JON HENSCHEN: The fastest growing channel is the RIA channel. Independent broker-dealers are second. 

The channels losing the most advisors are [in descending order] the wirehouses, captive insurance broker-dealers and then, the banks.

When advisors contact you, do many want to become RIAs?

A lot of times they’re not aware that there are RIAs they can join, keep their independence and drop client costs dramatically.

Why are you focused on the RIA channel?

Because RIAs can have huge savings for clients since they’re [required to adhere to] the fiduciary standard on investments.

You can either go to a broker-dealer that pays you a big upfront check — that’s [actually] going to be paid for by your clients — [or go RIA]. 

It’s a matter of: Do I do what’s best for the client, or do I do what’s best for me?

Unfortunately, it certainly seems that [many] financial planners are more concerned with what’s in their best interest, not necessarily their clients.’

What stands out right now in the RIA space?

One area of the RIA market that I think is going to be a fast-growing part of the industry is the larger RIAs that bring on independent advisors who can be under their RIA but still operate independently.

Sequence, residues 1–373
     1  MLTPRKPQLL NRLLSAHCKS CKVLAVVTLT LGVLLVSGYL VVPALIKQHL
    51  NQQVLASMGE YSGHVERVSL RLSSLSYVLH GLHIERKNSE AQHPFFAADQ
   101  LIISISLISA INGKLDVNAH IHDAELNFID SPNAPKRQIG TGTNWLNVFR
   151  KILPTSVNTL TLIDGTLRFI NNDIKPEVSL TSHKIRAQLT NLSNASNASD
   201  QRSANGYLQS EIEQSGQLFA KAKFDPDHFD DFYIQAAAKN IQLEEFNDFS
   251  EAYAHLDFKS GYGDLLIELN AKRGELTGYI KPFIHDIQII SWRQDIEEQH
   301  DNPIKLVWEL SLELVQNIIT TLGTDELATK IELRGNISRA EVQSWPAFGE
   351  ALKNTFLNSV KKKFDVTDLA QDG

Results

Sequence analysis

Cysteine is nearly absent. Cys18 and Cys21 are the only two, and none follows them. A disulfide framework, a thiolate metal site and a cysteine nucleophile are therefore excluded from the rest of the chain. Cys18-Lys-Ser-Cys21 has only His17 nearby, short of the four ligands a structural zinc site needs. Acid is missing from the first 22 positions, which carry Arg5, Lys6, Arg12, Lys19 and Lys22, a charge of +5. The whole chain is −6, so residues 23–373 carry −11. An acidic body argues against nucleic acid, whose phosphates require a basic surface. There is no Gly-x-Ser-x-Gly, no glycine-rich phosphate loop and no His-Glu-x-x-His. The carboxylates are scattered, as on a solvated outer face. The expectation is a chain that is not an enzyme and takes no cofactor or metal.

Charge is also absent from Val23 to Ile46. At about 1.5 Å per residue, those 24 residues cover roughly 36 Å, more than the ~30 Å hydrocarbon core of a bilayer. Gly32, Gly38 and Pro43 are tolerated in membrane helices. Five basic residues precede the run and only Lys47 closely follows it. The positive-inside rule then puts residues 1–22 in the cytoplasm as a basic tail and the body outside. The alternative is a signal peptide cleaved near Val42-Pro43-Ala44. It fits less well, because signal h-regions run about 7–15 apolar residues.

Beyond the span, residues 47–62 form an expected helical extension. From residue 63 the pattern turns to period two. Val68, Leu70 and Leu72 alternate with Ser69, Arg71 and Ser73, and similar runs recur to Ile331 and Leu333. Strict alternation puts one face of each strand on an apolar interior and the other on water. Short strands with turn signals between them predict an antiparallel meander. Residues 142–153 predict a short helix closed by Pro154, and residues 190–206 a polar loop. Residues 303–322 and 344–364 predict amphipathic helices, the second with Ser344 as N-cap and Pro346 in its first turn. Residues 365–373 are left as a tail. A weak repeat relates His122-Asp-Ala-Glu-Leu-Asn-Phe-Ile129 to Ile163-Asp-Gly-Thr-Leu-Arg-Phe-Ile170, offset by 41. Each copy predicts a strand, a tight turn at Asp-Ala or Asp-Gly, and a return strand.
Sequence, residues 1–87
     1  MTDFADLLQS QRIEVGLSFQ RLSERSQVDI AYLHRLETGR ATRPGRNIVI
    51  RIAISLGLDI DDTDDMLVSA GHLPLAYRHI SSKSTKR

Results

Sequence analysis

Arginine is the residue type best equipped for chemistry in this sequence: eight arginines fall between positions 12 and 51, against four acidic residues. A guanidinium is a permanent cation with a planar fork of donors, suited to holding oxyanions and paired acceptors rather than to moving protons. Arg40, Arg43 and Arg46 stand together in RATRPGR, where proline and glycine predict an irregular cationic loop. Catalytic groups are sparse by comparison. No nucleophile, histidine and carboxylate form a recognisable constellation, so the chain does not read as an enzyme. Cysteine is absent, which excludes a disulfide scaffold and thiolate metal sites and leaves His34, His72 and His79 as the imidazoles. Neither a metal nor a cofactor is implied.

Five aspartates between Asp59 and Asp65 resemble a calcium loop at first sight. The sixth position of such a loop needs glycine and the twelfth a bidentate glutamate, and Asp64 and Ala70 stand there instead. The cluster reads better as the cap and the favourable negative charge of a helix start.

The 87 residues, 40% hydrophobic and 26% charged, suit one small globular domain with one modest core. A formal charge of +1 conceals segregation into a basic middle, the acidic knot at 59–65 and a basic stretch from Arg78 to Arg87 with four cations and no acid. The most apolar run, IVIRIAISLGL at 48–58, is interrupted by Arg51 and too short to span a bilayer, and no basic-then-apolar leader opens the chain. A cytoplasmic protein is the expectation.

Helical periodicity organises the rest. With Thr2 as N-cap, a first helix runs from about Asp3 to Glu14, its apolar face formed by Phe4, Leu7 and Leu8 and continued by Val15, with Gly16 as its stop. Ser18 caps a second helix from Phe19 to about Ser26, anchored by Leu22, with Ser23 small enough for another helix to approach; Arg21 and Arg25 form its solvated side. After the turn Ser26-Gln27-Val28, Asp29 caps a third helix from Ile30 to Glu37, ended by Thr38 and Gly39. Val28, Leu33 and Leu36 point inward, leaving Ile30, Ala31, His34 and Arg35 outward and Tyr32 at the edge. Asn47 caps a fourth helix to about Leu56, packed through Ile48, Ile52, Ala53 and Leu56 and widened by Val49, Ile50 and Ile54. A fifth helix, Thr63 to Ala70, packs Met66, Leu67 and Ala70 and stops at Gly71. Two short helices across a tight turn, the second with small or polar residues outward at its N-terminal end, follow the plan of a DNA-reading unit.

For example, you could be at a broker-dealer and net, say 65%-75%, and then join an RIA and, maybe, net 88%-90%. So the advisors could net quite a bit more and cut their overhead dramatically.

Opening your own RIA or joining an outside RIA is appealing because it offers more choices and gets rid of a lot of layers of broker-dealer costs. It also gets rid of the conflict of interest.

When you go to an RIA that isn’t affiliated with a broker-dealer, you get away from [many] fees and get much lower administrative fees on the advisory assets. So it’s a much lower-cost, transparent, fiduciary-friendly environment.

Why else do you think the RIA channel will grow faster than the independent broker-dealer channel?

It’s because of two events, both of which motivated me to get deeper into the RIA channel. The first was when CFPs were required to adhere to a fiduciary standard not only on their financial plans but on their investments.